More greetings from Whistler! I find myself back out here again training for the next two AC races on January 16 & 17th, but decided to come out early to train in the international training week.
It's great seeing everyone I've met through the first half the season back here. It truly is paradise in Whistler, I love the atmosphere and the sliding centre staff are great and the ice is always in great condition.
I'm also excited to say I hit 132.74 KM/hr! The fastest I have ever gone on a skeleton sled. When I hit the bottom section of the track, the feeling was unlike anything I've felt before - tons of speed which makes corners 11-16 come at you incredibly quick. Nothing is natural about reacting at that speed, but it is so addicting.
That being said, the Whistler track hasn't been the easiest learning curve for me. I am grateful that I came out here in December, as that allowed me to have the track fresh in my mind before coming here, and allowed me to go from the top on day 1 of the training week, but the ice is a lot faster that it was in December.
Standing up top for my first run of the week (and 3rd run ever from the top), the guy before me hit 134km/hr. My heart was racing and I had to block it out of my mind and prepare to get going on my run. It was not a clean run by any means, but the fastest I've gone, while still dropping a runner (and almost flipping) on a key corner.
Since then I've had a few decent runs, took a day off to watch, just to keep my body healthy (sliding here takes a ridiculous toll on my body), and was back at it today with a less than stellar run. I can clearly visualize what each corner looks like and the steers I'm supposed to execute, but me being impatient, I am not executing properly....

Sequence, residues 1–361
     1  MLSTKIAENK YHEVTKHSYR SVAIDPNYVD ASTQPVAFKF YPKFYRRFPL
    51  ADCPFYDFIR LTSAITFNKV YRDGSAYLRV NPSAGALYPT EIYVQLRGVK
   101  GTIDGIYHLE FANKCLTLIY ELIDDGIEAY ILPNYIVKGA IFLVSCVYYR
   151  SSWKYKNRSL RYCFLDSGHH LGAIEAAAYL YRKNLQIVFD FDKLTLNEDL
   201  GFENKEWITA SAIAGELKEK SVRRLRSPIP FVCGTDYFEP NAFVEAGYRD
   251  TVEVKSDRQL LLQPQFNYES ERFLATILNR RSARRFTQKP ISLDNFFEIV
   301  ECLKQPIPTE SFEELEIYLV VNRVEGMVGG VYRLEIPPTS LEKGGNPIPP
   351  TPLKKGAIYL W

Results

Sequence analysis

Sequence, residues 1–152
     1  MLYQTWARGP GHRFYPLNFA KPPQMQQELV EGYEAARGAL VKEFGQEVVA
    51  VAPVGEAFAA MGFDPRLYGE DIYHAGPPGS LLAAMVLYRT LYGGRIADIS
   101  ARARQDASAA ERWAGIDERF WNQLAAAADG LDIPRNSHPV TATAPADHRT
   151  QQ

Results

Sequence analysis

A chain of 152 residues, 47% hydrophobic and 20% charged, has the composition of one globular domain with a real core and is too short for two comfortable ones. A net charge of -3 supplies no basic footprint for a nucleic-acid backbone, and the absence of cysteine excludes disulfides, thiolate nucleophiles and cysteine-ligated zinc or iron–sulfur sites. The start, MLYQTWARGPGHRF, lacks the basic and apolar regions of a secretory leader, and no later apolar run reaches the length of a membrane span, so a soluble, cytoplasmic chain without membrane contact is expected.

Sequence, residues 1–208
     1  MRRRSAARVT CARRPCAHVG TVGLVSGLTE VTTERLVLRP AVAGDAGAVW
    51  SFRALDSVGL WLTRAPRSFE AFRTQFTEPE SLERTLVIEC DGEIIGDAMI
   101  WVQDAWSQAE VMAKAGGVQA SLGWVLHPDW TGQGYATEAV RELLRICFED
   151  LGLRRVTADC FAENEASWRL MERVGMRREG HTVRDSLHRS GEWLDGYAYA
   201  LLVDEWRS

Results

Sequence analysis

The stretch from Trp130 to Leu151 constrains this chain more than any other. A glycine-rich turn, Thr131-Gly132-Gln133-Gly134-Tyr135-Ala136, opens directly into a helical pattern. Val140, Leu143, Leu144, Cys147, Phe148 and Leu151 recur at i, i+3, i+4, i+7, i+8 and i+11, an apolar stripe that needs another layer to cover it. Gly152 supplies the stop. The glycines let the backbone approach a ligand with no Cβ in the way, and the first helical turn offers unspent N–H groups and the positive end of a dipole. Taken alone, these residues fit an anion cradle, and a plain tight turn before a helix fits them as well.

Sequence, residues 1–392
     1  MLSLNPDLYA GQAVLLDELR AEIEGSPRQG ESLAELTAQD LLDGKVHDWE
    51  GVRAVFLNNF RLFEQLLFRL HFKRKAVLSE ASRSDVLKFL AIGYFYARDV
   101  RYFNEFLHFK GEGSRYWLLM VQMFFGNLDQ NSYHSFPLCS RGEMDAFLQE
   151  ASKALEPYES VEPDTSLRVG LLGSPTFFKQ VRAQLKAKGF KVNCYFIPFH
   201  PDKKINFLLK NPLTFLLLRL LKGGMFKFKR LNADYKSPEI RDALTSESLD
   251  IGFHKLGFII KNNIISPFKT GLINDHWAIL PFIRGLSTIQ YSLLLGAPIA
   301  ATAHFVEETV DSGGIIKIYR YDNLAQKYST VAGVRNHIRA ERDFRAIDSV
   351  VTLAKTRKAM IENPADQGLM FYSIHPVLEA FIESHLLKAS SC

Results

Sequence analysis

This left me incredibly frustrated, as it is expensive to be out here and be training, why am I not executing? When will this track and I finally make friends and work together?
Then I had to remember that this is fun. I choose to do this sport, as much as it terrifies me sometimes and this is just part of the process. I'm still a fairly new slider and this is a terrifying and difficult track. I shouldn't be expecting too much of myself. The frustration is part of the journey, I just have to accept that.
Although it does cross my mind if I'm doing the right thing, mostly just because of how expensive it is, and the toll it takes on my personal life and school goals. Only for less than a second, then I go back to realizing how much I love sliding and what the sport has given me in my life in such a short time.
A great article was published on the price of the olympic dream.
You can see it here
It's true, chasing the olympic dream can send you in to debt. That being said, I'm incredibly lucky to have my parents and whole extended family behind me. Without the support (emotional & financial) from my parents, this would not be possible.
I am not a carded athlete yet, so I received zero compensation for my athletic commitments. I pay my own race fees, cost of travel and accommodation where we are racing, my own team fees to Alberta Skeleton ($2300), plus the cost of specialized equipment, training, and not to mention that with my studies, it is absolutely almost impossible to have a good job as well. So far, this has added up to almost $8000 this season. This doesn't include my off season training or rehabilitative expenses (physio, chiro etc) to keep my body in working condition. Not that I am complaining, it takes work and results to get sponsorship, and carding money and all that jazz, but the road there is tough, with very little support, except from your close family and friends. That is why I am thankful that my parents allow me to chase my dreams and have encouraged me to do that my whole life.
A whole lot of realizations today after 1 bad run here on the Whistler track. Pushing on tomorrow to try and get on with it and start getting along with this track. I don't want to just race in Whistler, I want to race to the best of my ability.
Send me safe & fast thoughts this week, I'll be needing them.